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Imploded Cork


markk
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Visiting my cellar, I found that the cork in a bottle of wine (1978 Leoville-Las-Cases) had imploded - what tipped me off was the puddle of wine on the floor, and then I found the bottle with the foil imploded in. The cork was (and still is) floating inside the bottle with the wine that didn't spill out.

Does anybody know what causes this?

impl-wine-2.jpg

impl-wine-1.jpg

Overheard at the Zabar’s prepared food counter in the 1970’s:

Woman (noticing a large bowl of cut fruit): “How much is the fruit salad?”

Counterman: “Three-ninety-eight a pound.”

Woman (incredulous, and loud): “THREE-NINETY EIGHT A POUND ????”

Counterman: “Who’s going to sit and cut fruit all day, lady… YOU?”

Newly updated: my online food photo extravaganza; cook-in/eat-out and photos from the 70's

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I know that secondary fermentation can cause the cork to shoot out of the bottle, through the capsule, but I don't know about is "sucking" the capsule into the bottle.

But here goes my best guess, which is probably way off the mark. . .

The cork dried out, even though the bottle was laying on its side. Wine leaked to a space between the top of the cork and the inside surface of the foil (and the capsules contained lead in 1978, so who knows what that does to wine and vice-versa). Then something happened there to both corrode the foil and to push the cork into the bottle (not too difficult to do since it had dried out, was smaller, and could "float" more easily).

Where you saw the wine on the floor, did you see much sediment?

Of course, another explanation is foul play.

We cannot employ the mind to advantage when we are filled with excessive food and drink - Cicero

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Where you saw the wine on the floor, did you see much sediment?

Of course, another explanation is foul play.

No, it wasn't foul play. Nobody goes into that room but me.

As far as the sediment question, I just don't remember. I probably cleaned it up too quickly to notice. Why do you ask?

Overheard at the Zabar’s prepared food counter in the 1970’s:

Woman (noticing a large bowl of cut fruit): “How much is the fruit salad?”

Counterman: “Three-ninety-eight a pound.”

Woman (incredulous, and loud): “THREE-NINETY EIGHT A POUND ????”

Counterman: “Who’s going to sit and cut fruit all day, lady… YOU?”

Newly updated: my online food photo extravaganza; cook-in/eat-out and photos from the 70's

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As far as the sediment question, I just don't remember. I probably cleaned it up too quickly to notice. Why do you ask?

Could *possibly* explain secondary fermentation (if the sediment was moving around in the bottle). But, then again, I may just be spewing jibberish.

Mice or other rodent.

This seems plausible, and from the pictures, it appears as if the bottle didn't even need to be on the ground-level rack.

We cannot employ the mind to advantage when we are filled with excessive food and drink - Cicero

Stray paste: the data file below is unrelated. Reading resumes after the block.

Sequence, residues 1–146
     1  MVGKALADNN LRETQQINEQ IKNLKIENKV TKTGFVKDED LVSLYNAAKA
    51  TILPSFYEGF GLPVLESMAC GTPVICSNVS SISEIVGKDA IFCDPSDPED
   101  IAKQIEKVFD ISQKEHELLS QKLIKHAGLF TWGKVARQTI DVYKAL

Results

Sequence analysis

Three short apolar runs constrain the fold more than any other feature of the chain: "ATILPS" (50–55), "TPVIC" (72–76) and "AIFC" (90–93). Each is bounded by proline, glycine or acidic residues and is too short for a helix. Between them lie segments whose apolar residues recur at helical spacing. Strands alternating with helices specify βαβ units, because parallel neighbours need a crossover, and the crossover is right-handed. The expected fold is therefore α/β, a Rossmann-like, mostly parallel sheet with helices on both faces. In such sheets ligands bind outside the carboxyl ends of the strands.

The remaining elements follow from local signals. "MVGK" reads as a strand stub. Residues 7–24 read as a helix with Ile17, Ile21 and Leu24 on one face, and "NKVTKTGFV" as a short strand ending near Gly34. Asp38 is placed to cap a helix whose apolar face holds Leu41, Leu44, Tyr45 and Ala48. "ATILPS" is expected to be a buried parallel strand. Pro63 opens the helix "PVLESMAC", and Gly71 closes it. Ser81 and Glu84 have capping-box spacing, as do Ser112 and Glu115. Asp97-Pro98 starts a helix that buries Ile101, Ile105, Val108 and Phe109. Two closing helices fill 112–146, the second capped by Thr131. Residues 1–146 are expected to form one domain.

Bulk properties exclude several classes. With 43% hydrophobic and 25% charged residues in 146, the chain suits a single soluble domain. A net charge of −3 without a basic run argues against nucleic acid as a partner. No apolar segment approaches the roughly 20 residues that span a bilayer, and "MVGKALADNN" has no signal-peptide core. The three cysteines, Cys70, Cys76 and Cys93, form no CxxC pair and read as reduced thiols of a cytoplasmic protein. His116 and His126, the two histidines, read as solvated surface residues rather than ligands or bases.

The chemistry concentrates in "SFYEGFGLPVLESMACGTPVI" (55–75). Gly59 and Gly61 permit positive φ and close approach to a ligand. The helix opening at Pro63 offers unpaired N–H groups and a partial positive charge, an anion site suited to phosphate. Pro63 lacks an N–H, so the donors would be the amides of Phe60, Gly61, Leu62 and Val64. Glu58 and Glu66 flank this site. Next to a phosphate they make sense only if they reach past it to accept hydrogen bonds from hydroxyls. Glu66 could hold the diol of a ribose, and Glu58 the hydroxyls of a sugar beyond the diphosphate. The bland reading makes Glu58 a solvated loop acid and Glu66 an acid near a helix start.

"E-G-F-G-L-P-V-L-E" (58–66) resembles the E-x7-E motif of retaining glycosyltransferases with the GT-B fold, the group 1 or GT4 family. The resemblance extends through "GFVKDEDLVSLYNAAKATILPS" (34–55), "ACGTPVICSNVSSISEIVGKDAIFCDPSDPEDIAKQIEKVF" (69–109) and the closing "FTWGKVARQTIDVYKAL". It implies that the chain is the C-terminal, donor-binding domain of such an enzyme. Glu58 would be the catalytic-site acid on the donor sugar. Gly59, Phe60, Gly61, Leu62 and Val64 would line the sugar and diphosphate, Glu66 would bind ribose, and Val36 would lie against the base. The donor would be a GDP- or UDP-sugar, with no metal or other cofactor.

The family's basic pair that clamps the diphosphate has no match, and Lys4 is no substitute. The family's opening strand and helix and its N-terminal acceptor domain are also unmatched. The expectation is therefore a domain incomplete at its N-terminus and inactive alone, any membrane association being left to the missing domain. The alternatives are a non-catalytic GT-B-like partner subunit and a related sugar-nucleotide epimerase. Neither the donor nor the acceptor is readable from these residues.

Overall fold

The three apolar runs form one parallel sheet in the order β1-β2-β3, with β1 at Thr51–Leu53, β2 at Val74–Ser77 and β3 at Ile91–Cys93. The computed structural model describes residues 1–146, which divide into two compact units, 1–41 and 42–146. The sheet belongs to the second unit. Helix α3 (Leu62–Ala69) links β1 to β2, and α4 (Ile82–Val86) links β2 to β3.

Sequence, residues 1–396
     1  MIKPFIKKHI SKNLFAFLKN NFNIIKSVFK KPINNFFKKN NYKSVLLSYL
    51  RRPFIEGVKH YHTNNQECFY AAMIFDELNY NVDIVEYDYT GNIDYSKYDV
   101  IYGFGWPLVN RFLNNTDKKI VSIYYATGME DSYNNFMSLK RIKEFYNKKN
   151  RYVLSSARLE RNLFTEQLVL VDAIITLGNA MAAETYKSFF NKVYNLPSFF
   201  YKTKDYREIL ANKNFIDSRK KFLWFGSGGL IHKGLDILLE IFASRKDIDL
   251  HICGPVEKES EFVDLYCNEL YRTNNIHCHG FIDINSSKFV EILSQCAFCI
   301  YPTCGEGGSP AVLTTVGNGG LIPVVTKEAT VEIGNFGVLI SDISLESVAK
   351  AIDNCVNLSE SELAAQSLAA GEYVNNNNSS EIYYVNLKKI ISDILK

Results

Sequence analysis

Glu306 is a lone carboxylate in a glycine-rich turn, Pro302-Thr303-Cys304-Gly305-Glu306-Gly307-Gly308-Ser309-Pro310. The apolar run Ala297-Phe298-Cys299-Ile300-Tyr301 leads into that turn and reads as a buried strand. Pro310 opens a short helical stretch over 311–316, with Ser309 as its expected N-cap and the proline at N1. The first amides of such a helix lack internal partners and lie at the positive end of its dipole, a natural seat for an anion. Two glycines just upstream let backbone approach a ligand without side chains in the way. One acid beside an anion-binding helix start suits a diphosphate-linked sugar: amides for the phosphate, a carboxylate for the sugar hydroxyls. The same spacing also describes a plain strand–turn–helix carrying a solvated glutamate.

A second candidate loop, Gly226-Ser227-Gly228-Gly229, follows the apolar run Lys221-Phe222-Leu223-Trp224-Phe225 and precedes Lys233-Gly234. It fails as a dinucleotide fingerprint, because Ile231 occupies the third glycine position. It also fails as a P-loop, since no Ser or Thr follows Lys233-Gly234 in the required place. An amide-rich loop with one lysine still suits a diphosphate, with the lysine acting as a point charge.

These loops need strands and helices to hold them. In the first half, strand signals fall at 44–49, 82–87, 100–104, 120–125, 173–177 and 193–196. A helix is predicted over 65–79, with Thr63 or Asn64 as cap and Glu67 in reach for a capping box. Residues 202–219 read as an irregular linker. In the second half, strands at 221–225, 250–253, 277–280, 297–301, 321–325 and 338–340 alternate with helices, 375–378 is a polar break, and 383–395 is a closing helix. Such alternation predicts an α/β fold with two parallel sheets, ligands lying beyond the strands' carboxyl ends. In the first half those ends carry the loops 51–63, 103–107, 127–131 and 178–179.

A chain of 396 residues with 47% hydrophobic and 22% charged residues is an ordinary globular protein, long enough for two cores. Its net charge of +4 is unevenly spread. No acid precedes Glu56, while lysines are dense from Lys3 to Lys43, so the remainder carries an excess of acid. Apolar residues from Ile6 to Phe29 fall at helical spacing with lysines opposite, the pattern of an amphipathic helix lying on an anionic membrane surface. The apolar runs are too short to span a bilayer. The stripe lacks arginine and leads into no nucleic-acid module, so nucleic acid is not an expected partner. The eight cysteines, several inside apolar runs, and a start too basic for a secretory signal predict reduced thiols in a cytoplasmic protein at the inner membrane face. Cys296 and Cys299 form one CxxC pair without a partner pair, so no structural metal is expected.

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For a rodent to have been able to push the cork into the bottle, the cork must have been quite loose already. The bottle was lying on its side, which is done to prevent corks from drying out. Does this indicate a defective cork?

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ID

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I had the same issue over the holidays because it appears that Winebid is shipping purchases no matter what the weather. I was out of town between Christmas and New Year's when I got word from my concierge (I'm in a condo) that he returned a box to Winebid because it was leaking. The weather between Napa and Seattle over the holidays was between 38F and 25F, depending day/night and elevation.

Upon my return I notified Winebid and they replied that they were waiting for the package. I few days later I received an e-mail saying that the cork had slid into the bottle! The bottle was half empty when they got it. Would 48 hours in that cold have something to do with it?

BTW, the bottle was a 1955 Sigalas-Rabaud.

Drink!

I refuse to spend my life worrying about what I eat. There is no pleasure worth forgoing just for an extra three years in the geriatric ward. --John Mortimera

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Am at a loss to explain this as anything other than sabotage. The rodent theory is interesting but:

- How could a mouse or rat hanging from the rack produce sufficient force to force a cork into a bottle?

- Even if a rodent were strong enough to push the cork in, wouldn't the capusle show more damage? Wouldn't the hole be bigger?

- Even if a rodent could push the cork part way in, would it be possible, anatomically speaking, for it to push the cork all the way in?

- The puddle on the floor would imply that the "accident" occurred not long before it was discovered, yet the thick layer of dust on the bottle and adjacent rack appears not to have been disturbed for a long time (except for the top of the bottle, which looks like it was recently cleaned with a rag — by markk?). Wouldn't a rodent have left tracks?

Of course, it had to be a 25-year-old bottle of LLC, not the Gallo merlot you got at the office Christmas party, eh?

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I've seen bottles where Termites have eaten almost the whole cork, But they did not have foils. At least he finally brought some wine to the Petanque courts. Strange to pull a 1/2- 1/4 inch long cork. Wine was still good. :biggrin:

Bruce Frigard

Quality control Taster, Château D'Eau Winery

"Free time is the engine of ingenuity, creativity and innovation"

111,111,111 x 111,111,111 = 12,345,678,987,654,321

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Dang, that's weird!

Here's my theory, which is probably completely harebrained.

Most capsules have a tiny hole in them to permit them to slide onto the bottle easily during bottling without an annoying cushion of air getting trapped underneath. Wine doesn't necessarily leak out through the hole, though, because it's so small. Has anyone else here had the weird experience of ripping a foil off a bottle and . . . no cork! :shock:

If the cork had slowly slid into the bottle, air would have been sucked in through the small hole and the foil wouldn't have imploded like that. Therefore, either the cork imploded suddenly, or the foil hole was plugged, or both. So I'm thinking the cork was defective or cracked and gradually deteriorated, soaking wine all the way up to the capsule, where the wine, or even just the alcohol in the wine, gradually evaporated through the little peephole. At some point, due to evaporation, the pressure in the bottle dropped, the cork was suddenly sucked in, and since the foil was sticky with wine residue and the peephole was plugged, the foil ripped inward as well. Schlooop!